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Dynamic Deconstructive Psychotherapy Web-Based Training Program

Introduction to the Web-Based Training Program

This interactive program was developed to supplement training in dynamic deconstructive psychotherapy or DDP. DDP is an empirically supported and manual-based treatment initially developed for borderline personality disorder (BPD), but now applied across a broad range of chronic mental disorders, such as chronic depression and anxiety, early-onset PTSD, eating disorders, and addictions.  See DDP Training Manual.

This program includes video clips of psychotherapy sessions that illustrate principles and methods of DDP. Each vignette is an almost verbatim portrayal of an actual prerecorded patient-therapist interaction.  In making the film, we used 20 patient-therapist encounters, encompassing 9 different patients and 5 different therapists.  Even though the patients have given explicit consent for the use of the recordings, I have taken the precaution of having actors play the patient roles in order to help protect their identity.  So, you will see the same actor or actress playing the part of different patients in different vignettes.  Also, in each vignette, Dr. Georgian Mustata or I play the part of the therapist, regardless of whether or not we were the actual therapists for the patient.  As a further precaution, identifying information has been edited out.  So, in summary, each vignette represents a balance or compromise that provides as close approximation as possible to a previous, actual patient-therapist interaction, while also protecting confidentiality.

Treatment with DDP involves individual weekly sessions over 12 months and follows a manual-based protocol.  Before beginning DDP, I suggest reading all chapters in the treatment manual, receiving weekly case consultation, and reviewing the vignettes in this series.  

DDP targets two areas for remediation: 1) Deficits in the emotion processing system and 2) An embedded sense of badness.  According to DDP theory, these two etiologies cause difficulties in specific neuroaffective capacities, called Association, Attribution, and Alterity.  Treatment with DDP targets each of these neuroaffective capacities utilizing three sets of related techniques, i.e. Association, Attribution and Alterity techniques.  See the first two chapters of the manual for a more comprehensive introduction.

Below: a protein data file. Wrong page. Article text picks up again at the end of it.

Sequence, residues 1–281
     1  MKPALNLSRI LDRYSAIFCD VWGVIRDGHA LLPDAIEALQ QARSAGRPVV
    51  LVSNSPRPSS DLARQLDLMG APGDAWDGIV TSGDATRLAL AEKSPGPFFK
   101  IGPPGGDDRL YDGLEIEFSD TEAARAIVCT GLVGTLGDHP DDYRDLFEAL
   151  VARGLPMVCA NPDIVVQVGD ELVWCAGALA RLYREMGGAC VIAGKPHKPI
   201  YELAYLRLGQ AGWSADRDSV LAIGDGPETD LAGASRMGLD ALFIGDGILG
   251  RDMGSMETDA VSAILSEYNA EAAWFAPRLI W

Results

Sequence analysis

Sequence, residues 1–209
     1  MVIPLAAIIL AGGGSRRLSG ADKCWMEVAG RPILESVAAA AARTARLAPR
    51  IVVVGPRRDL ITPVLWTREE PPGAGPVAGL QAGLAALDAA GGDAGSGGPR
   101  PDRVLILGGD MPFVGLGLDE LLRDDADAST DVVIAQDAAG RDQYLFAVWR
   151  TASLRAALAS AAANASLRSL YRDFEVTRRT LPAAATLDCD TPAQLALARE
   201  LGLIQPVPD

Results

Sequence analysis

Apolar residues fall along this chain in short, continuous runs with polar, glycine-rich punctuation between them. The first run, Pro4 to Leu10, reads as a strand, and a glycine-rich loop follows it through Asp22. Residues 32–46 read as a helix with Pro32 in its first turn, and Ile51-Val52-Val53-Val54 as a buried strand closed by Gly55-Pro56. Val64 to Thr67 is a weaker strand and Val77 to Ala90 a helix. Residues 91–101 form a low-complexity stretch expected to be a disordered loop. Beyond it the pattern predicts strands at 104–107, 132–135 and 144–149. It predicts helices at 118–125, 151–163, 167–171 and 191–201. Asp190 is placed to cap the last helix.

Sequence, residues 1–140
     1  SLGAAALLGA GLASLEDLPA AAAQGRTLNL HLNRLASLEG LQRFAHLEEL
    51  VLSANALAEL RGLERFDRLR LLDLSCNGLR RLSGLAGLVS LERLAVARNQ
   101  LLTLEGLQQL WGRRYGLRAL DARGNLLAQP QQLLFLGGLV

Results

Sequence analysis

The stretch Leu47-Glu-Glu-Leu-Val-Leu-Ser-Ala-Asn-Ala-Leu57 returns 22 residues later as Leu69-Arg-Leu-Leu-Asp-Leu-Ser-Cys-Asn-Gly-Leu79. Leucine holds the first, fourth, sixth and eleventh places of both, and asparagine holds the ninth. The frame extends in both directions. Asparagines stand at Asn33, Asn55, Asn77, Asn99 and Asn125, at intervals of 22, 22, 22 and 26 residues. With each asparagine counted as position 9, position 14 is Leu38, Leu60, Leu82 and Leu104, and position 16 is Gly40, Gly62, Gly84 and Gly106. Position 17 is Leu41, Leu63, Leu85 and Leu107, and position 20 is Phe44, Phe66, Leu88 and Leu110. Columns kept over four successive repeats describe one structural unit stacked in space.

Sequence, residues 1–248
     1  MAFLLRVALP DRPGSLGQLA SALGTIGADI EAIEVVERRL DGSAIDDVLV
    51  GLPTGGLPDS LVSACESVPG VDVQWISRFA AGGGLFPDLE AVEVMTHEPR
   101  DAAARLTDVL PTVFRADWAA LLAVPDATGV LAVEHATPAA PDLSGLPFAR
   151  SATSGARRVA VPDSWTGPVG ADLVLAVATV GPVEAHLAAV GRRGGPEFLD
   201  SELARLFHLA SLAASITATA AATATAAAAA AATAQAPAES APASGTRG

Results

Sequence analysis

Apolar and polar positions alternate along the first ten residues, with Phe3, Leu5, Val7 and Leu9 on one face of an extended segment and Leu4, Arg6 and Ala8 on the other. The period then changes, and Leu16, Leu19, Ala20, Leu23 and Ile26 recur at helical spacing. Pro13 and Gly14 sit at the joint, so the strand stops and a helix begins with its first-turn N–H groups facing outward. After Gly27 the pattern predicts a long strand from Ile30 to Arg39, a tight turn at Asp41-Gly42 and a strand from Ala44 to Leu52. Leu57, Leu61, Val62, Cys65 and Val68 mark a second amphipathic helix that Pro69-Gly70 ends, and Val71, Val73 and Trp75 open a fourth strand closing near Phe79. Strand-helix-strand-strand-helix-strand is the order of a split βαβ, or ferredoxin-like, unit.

Treatment begins with an evaluation, a formulation of difficulties and treatment goals, and explicit written commitments to recovery (see Chapter 3, Establishing the Frame).  The goal is to foster a sense of ownership and autonomous motivation within patients for their own treatment and recovery.  Clear boundaries, roles, and expectations are also established early on.  After the first few sessions, the principal focus is to foster verbalization of recent specific emotion-laden experiences, including identifying and labeling underlying emotions and sequencing interactions into simple narratives (Association techniques).  The therapist also tries to help the patient open up the meanings of these narratives by bringing in new perspectives for the patient to consider, while remaining generally non-directive and non-judgmental (Attribution techniques).  In addition, there is a strong experiential component to the treatment whereby emotion-laden interactions between the patient and therapist can either enact and reify the patient’s pathological schema, or can support self-other differentiation, repair ruptures in the alliance, and foster individuated relatedness (Alterity techniques).  Treatment progresses over four distinct stages, each characterized by specific therapy tasks and patterns of relatedness. 

Problematic behaviors, such as alcohol misuse or self-harm, are viewed as compensatory, maladaptive efforts to self-soothe in the absence of verbal/symbolic and relational capacities.  The therapist encourages verbalization of recent episodes of problematic behaviors, including antecedents, consequences, and associated emotions (see section on Managing Self-Destructive and Maladaptive Behaviors in Chapter 8, Specific Techniques). 

I am hoping the video vignettes will bring to life some of the text in the treatment manual.  The sequence of vignettes follows the same organization as employed in Chapter 8, Specific Techniques, and as employed in the DDP Adherence Scale in the Appendix.  That is, we will begin with a group of vignettes illustrating Association techniques, and then move to Attributions, Ideal Other, Alterity Real, and, finally, Enactments.  For more resources, see the main DDP Website.


Robert J. Gregory, M.D.

Director, Psychiatry High Risk Program

Director, Suicide Prevention Center

Professor of Psychiatry

Norton College of Medicine Upstate Medical University